KILLING CHAPEL, High on Homicide (2007, self-released)

The skull:
It’s hard to see in this small image, but this skull is ornately labelled for the benefit of 19th century anatomy students, which suggests that some knife wielding maniac was so high on homicide that he didn’t realize he was stabbing a long dead teaching skull and wasn’t adding to his bodycount. He must have murdered a whole lot of people before he got to this skull, though, to be that wasted. Also, homicide must make you freakishly strong (like pcp!), because imagine how hard it is to drive a knife straight through a skull like that!

The music:
This is blue collar death/thrash made by guys who probably don’t realize those are two different things. They’re from Mifflinville, PA, though, so I gotta shout out to my bruthas from anotha county. Anyway, Killing Chapel are garden variety angry music played with a ton of energy and almost no precision. The drumming is spectacularly sloppy in that push-em-down-the-stairs kind of way, which is always at least a little amusing. The four originals fail to impress, and then they wheel out a couple of not-so-awesome covers (“Dead Skin Mask” by Slayer and “Shredded Humans” by Cannibal Corpse), and a re-recording of the Killing Chapel classic “Lord of the New Faith,” from the band’s 2005 demo. Some songs are just too good to stay buried on an obscure demo, but not so good as to find any wider release than an obscure self-released EP (aka: a demo.) Put that in your murderpipe and smoke it!
— Friar Johnsen


BENEDICTION, Subconscious Terror  (1990, Nuclear Blast)

The skull:
This one rules. The skull is big enough to qualify its inclusion into the BDS Skullection, but its placement is subtle compared to everything else going on. First are the upraised arms, clearly not part of the skull, but a suggestion of murder-by-big-ass-knife. These arms threaten to plunge the knife into the middle of the island at the bottom of the image — the island just happening to have the profile of a human face. Floating in the ocean. Looking like a face. About to get stabbed. We’re not sure what’s happening here, but we like it. And then they fly the awful/awesome Benediction logo in red and yellow above all this. Voila! A pleasing if cluttered eyesore. Personally, I love their logo: primitive crayon-yellow lettering dripping blood, flanked on the left by a nun and on the right by an, err, evil nun. Don’t forget about the skull, which sits grimly in the back, a detached witness to something seriously demented. A subtle skull, yes, but it lords over this scene of terror with enough ghostly authority that we wholly approve!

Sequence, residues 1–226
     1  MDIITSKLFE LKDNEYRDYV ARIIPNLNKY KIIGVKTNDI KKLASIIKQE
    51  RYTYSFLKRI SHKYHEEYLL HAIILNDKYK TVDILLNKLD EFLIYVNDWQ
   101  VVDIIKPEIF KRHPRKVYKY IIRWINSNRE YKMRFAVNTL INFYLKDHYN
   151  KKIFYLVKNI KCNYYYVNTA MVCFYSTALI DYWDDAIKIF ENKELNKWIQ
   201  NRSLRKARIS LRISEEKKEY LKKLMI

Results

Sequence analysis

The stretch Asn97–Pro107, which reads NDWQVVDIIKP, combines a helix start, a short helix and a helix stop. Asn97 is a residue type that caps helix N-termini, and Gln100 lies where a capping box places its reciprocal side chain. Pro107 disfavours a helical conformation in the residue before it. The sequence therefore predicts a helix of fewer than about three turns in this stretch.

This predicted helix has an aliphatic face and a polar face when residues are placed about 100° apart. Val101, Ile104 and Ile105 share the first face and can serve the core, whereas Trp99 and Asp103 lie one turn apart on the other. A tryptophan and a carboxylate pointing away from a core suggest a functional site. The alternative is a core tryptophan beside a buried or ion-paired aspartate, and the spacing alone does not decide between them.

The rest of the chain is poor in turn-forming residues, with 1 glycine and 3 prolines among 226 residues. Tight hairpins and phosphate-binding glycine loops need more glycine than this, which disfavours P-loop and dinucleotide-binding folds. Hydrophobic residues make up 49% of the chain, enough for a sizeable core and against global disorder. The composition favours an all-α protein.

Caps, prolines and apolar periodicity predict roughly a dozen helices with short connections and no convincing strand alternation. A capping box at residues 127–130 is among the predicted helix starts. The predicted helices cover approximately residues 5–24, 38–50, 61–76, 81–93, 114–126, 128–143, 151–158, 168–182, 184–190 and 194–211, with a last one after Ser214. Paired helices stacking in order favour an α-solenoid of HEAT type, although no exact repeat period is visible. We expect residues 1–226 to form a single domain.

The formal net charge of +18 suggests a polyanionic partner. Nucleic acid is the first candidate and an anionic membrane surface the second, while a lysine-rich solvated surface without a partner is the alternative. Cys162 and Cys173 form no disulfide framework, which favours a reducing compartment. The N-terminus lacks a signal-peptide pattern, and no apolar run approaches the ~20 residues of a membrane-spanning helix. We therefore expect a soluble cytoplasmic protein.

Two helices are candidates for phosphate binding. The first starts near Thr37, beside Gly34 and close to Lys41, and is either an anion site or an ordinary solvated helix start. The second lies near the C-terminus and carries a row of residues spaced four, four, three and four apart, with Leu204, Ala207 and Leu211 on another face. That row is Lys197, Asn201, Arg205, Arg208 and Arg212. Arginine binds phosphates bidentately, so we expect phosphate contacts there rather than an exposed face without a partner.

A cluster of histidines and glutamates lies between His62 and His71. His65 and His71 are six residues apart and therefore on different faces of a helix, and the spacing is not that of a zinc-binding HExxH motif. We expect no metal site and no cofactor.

The music:
Here’s a rare album where the intro piece is a highlight of the whole album: on “Portal To Your Phobias,” Barney Greenway (pre-Napalm Death, yessir) narrates in a totally demented fashion while nightmarish sounds whirl and howl underneath (Barney’s narration reminds of Von’s “Lamb,” if that means anything to you). On the proper songs, Barney sounds like Kam Lee of Massacre, and early Massacre is pretty much where Benediction’s first album is coming from. I’ve always had a soft spot for Subconscious Terror, and it’s one of few Benediction recordings I’d call “mandatory” while also recognizing that it’s no classic. It’s just mandatory in my world. You can do what you want. After their Dark is the Season EP, they started to decline, ending up at full-on brown metal by the mid ’90s, but this thing undeniably reeks of ancient death metal primitiveness. As said, it sounds a lot like early Massacre, and that’s terrific to these ears. The production is raw and clangy and not at all pretty. Its basement-death metal vibe gives the music a certain aesthetic, sounding, if not like death, then like hell. Hell in a garage. The rhythm guitars sound like vacuum cleaners and the guitar leads are slightly more structured/melodic than your typical Rick Rozz ridiculousness/awesomeness. Tempos shift often enough to keep you guessing, but there’s no real complexity here. Doesn’t need to be either. The whole thing sounds like it’s rattling around in a big old steel bucket, dark, hollow and helpless (thank you Mr. Mick Harris, who produced this loveable ugliness). If I could change one thing it would be a remix that brings down the drums in volume — sizzly cymbals and paint buckets both — which dominate the album way too much. But I’ll take Subconscious Terror “as is.”
— Friar Wagner